You've listed some interesting techniques here. I've used the bubble wrap before and really like the effects you can make with that. I look forward to doing the pouring technique sometime.

    • Robie Benve profile image
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      Robie Benve 4 years ago from Ohio

      Thanks Sue. :)

    • Sue Andreas profile image

      Sue Andreas 4 years ago

      interesting...

    • Robie Benve profile image
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      Robie Benve 4 years ago from Ohio

      Thanks Shyron for reading and taking the time to comment. :)

    • Shyron E Shenko profile image

      Shyron E Shenko 4 years ago

      Robie, wonderful hub, beautiful hub with great ideas.

    • Robie Benve profile image
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      Robie Benve 4 years ago from Ohio

      Oh My, SaritaJBonita, sorry to hear that!!! I hope you feel better soon!

      You must have done a lot of sanding, I never had that volume of dust myself. However, I'm happy that this incident did not lower your love for acrylics, and you are willing to try again (with mask ;).

      Take care and thank you for stopping by and letting me know how it's going for you.

    • SaritaJBonita profile image

      Sarah Jane Bourdeau 4 years ago from Upstate New York

      Yup, I'm definitely wearing a dust mask when I use sandpaper from now on. Turns out my lungs are inflamed and infected, and I'm now on an inhaler and antibiotics. I'll still be using sandpaper, but with a mask every time. Just a forewarning to others... Can't say you didn't warn me though, lol.

    • Robie Benve profile image
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      Robie Benve 4 years ago from Ohio

      Hi SaritaJBonita, sounds like you have embraced the sandpaper adventure! :) I hope you had fun and your cough is totally unrelated - lots of people sick this season.

      I'm writing a hub on painting using masking tape and bubble wrap, another of my experiments, to be release soon.

      Take care. :)

    • SaritaJBonita profile image

      Sarah Jane Bourdeau 4 years ago from Upstate New York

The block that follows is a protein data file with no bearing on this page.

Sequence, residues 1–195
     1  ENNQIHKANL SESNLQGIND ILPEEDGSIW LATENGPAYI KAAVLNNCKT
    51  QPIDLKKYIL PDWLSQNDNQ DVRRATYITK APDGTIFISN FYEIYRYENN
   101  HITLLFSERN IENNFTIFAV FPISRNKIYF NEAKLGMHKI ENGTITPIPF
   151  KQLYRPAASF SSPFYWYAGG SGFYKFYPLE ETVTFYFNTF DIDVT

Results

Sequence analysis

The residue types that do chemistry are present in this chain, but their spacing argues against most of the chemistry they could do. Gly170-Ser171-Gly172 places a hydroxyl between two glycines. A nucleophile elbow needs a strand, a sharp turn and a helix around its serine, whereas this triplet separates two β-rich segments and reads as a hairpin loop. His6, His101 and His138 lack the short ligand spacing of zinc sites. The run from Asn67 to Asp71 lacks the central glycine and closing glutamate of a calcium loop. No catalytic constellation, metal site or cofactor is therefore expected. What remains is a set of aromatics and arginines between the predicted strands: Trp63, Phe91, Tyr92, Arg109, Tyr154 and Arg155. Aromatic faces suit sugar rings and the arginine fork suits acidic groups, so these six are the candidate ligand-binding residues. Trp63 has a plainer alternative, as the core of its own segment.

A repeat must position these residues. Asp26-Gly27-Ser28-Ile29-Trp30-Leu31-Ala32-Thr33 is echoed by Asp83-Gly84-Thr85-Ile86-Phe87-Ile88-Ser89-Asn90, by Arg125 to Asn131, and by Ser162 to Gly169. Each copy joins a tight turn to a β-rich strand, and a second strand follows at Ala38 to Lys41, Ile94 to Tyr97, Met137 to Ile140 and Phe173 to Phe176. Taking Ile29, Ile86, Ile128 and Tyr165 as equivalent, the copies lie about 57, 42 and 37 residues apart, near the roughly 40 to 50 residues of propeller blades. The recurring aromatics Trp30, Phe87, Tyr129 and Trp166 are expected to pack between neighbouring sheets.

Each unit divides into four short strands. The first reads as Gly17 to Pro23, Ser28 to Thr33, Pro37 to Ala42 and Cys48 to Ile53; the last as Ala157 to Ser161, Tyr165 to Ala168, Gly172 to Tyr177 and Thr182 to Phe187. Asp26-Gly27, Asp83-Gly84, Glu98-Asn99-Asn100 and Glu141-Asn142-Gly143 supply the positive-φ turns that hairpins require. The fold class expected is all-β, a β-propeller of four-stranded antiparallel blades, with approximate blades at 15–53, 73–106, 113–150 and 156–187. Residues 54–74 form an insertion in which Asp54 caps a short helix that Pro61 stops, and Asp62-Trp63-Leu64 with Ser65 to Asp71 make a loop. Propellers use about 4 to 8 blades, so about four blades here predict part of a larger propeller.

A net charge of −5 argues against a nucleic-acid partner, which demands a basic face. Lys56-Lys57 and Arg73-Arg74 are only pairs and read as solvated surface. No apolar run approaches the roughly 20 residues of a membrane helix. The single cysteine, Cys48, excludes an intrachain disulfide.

Robie,

      You were soooo right about wearing a mask when you sand down an acrylic painting! I didn't think it was a big deal because I didn't see anything floating in the air, but then I saw the big pile of paint dust and when I blew my nose it was orange. Perhaps it's a coincidence, but now I have a horrendous cough.

      The sandpaper is awesome though, and yes, I now wear a mask :)

    • SaritaJBonita profile image

      Sarah Jane Bourdeau 4 years ago from Upstate New York

      robie, i actually wasn't able to find sandpaper yesterday, so, no i haven't tried it yet. i'm sitting here eating pb&j, brainstorming alternate tools (that would be why i'm typing in all lowercase). i really should go to bed though :(

      Any other tools you recommend that most people would have in the junk drawer?

    • Robie Benve profile image
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      Robie Benve 4 years ago from Ohio

      Hi SaritaJBonita, thanks for your comment. Did you try the sand paper? Let me know how it goes. :)

    • SaritaJBonita profile image

      Sarah Jane Bourdeau 4 years ago from Upstate New York

      Excellent Hub that gave me some great ideas! I never thought of using sandpaper to uncover layers of paint, I've just been using the flat end of a plastic handled paintbrush, and sometimes it peels off all the layers of paint and I have to fix it... I will try this technique tonight! Thanks

    • Robie Benve profile image
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      Robie Benve 4 years ago from Ohio